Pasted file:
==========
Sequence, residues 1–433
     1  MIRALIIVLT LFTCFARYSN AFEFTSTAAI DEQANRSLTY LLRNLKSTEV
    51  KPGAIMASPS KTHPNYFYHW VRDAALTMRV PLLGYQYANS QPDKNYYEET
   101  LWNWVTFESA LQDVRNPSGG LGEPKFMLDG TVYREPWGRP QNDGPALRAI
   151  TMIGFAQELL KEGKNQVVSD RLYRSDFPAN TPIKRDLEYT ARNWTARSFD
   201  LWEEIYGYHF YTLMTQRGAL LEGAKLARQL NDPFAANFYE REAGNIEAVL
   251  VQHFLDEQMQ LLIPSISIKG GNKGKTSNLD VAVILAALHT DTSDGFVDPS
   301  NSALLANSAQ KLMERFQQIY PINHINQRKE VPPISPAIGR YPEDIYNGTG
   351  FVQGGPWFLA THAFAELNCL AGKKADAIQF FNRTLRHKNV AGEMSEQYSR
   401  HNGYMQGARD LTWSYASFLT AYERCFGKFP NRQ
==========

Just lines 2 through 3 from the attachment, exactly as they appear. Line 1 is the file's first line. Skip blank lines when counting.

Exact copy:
     1  MIRALIIVLT LFTCFARYSN AFEFTSTAAI DEQANRSLTY LLRNLKSTEV
    51  KPGAIMASPS KTHPNYFYHW VRDAALTMRV PLLGYQYANS QPDKNYYEET